One of the most important aspects of the Exhibition would be the display of products and machinery from abroad, to show Jamaicans all the new and useful equipment which could increase Jamaican production. The other islands of the West Indies, Britain, Canada, the United States and European countries were all expected to send exhibits. The Exhibition was advertised in these areas, and exhibits came from all of them even from as far away as Russia. There was concern that not enough advertisement of the Exhibition was done in the USA and for a while it seemed that few exhibits would come from that important nation. In the end there were American exhibits, but they were outshone by the exhibits from Canada, which was the only country to have its own separate Exhibition building. The Canadians also sent a special gift of a sculpture, which was known as the Quebec Trophy and was set up beside the Canadian Annexe at the northern edge of the Exhibition grounds.
It was also of great importance that Jamaicans should be encouraged to send exhibits of all the various items that the island produced, to be on show for the foreign visitors. To achieve this, local exhibitions were planned for various parts of the island during 1890. The biggest local exhibition was held in Montego Bay at the beginning of August, but others were held in Clarendon and St Mary in September, St Catherine in November and St Ann in December. In all, eight local exhibitions were held and the Governor and Lady Blake visited each one, urging Jamaicans to participate in their’ International Exhibition in Kingston. In spite of all this effort, the Jamaican exhibits were slow in coming in and the Jamaican sections of the Exhibition were not in place until after the official opening; even then there were complaints that the exhibits were badly displayed.
Naturally, with such a large undertaking, a number of problems arose. A very significant problem was that of persuading Jamaicans, especially in the country areas, to take part in the exhibition or even to attend it. During 1889-90 various rumours spread which discouraged participation. From the start it was feared that the attempts to get people to send produce to the Exhibition was an indirect way of finding out how much they produced so that taxes could be increased. The Governor had to make speeches and write a letter to the public to try to reassure everyone that there was no such hidden intention. In late 1890 the rumours spread that the Exhibition was bankrupt, that the Governor had run away and that money to pay for the Exhibition was going to be taken from the Penny Savings Banks where many poor had their savings. In some areas there was a rush to withdraw money, and again the people had to be reassured about the falsity of a rumour. The last important rumour sprang up as the Exhibition opened; black Jamaicans especially were warned not to attend the Exhibition as it was said to be merely a trap to bring them all together and put them back into slavery. It was many weeks before country people started to come in large numbers to the Exhibition, but by the time it closed on May 2nd their fears were completely removed and they were flocking into Kingston to enjoy the last days at this great event.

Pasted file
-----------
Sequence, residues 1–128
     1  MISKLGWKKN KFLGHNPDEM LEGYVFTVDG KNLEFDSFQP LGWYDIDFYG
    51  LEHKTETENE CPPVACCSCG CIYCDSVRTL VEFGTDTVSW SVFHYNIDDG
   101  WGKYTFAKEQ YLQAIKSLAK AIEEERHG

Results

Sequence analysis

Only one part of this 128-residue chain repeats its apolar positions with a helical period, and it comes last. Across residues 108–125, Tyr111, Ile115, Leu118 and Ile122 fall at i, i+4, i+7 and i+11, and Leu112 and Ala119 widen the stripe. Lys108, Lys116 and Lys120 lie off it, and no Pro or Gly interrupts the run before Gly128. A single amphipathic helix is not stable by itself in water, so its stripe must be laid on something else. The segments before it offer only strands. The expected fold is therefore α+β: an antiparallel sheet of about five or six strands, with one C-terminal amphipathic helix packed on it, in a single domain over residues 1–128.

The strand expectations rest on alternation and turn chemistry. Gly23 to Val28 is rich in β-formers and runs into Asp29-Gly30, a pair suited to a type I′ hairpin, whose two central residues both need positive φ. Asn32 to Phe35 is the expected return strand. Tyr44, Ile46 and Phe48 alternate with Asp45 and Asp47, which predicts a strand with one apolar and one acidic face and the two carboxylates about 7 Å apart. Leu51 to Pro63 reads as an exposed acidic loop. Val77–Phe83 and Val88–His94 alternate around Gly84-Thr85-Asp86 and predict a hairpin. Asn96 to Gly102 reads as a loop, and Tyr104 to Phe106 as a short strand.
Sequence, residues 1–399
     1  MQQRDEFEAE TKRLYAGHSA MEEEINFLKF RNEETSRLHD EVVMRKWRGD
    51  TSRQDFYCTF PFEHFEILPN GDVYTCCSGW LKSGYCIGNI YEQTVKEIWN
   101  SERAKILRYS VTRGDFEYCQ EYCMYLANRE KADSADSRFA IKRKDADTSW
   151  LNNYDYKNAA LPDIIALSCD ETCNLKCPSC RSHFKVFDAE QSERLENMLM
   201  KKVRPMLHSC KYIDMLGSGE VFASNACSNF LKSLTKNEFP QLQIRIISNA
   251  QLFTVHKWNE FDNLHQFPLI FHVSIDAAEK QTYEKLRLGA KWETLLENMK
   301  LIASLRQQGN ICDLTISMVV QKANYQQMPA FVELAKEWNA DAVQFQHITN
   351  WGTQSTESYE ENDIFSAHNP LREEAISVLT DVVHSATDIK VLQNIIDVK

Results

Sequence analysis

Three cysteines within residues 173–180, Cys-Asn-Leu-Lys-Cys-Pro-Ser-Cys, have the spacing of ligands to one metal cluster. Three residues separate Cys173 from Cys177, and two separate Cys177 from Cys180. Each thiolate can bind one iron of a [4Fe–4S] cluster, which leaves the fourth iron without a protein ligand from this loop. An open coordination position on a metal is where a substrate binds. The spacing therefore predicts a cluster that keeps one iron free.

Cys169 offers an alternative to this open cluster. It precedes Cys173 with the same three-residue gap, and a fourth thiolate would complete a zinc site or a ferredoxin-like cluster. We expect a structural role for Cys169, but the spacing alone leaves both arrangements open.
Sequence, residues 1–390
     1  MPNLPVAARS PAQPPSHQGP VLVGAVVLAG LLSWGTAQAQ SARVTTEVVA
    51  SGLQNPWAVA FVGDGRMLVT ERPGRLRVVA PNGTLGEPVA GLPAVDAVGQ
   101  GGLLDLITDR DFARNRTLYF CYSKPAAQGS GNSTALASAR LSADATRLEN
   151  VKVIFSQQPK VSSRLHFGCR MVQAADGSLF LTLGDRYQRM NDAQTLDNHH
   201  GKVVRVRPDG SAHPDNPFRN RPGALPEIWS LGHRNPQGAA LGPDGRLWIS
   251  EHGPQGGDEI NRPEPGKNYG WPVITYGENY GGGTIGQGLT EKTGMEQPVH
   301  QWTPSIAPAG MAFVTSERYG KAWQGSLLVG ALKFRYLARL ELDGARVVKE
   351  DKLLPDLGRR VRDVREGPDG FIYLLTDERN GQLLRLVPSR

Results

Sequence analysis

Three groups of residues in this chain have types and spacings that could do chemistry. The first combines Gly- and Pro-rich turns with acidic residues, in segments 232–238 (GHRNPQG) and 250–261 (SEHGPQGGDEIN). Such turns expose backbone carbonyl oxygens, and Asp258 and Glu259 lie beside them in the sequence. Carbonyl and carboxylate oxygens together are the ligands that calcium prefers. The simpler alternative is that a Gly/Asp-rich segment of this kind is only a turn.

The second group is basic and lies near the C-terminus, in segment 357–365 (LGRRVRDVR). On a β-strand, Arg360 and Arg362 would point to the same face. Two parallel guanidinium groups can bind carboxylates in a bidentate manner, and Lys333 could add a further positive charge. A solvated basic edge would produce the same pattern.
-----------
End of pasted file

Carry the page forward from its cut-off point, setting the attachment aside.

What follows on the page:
Other problems faced the organisers of the Exhibition in providing transportation and accommodation for the visitors to the Exhibition. Overseas visitors came on the regular shipping lines, or on specially arranged excursions from North America. They stayed at the newly built hotels in Kingston, the Constant Spring Hotel and the new Myrtle Bank Hotel, which had been completed in time for the Exhibition. Older hotels such as Streadwick’s Marine and Hill Gardens Hotels were also suitable for these visitors. Several hotels in the country parts, especially the Rio Cobre, Montpelier and Moneague hotels, were opened in the hope that visitors to the Exhibition would travel out of Kingston.
The Jamaican visitors to the Exhibition presented more of a problem. Some could come into Kingston on the railway, which set special fares which included admission to the Exhibition. More than 17,400 visitors to the Exhibition came on these railway tickets. For others, however, a trip by sea was the only realistic alternative, but proved difficult and expensive to arrange. One such service was put on by Captain Baker’s Boston Fruit Company to bring people from Portland and St Thomas to Kingston. Wagons and carts must have brought in many, while others did as rural Jamaicans had always had to do - they walked. Accommodation was provided for these visitors. The Oueens Hotel was built on the corner of Heywood Street and Princess Street by the Jamaica Hotels Company, especially for the occasion. It offered beds at 1/6d per night. Colonel Ward provided a building for country people to stay in and lodging houses had been urged to make as much space as possible available.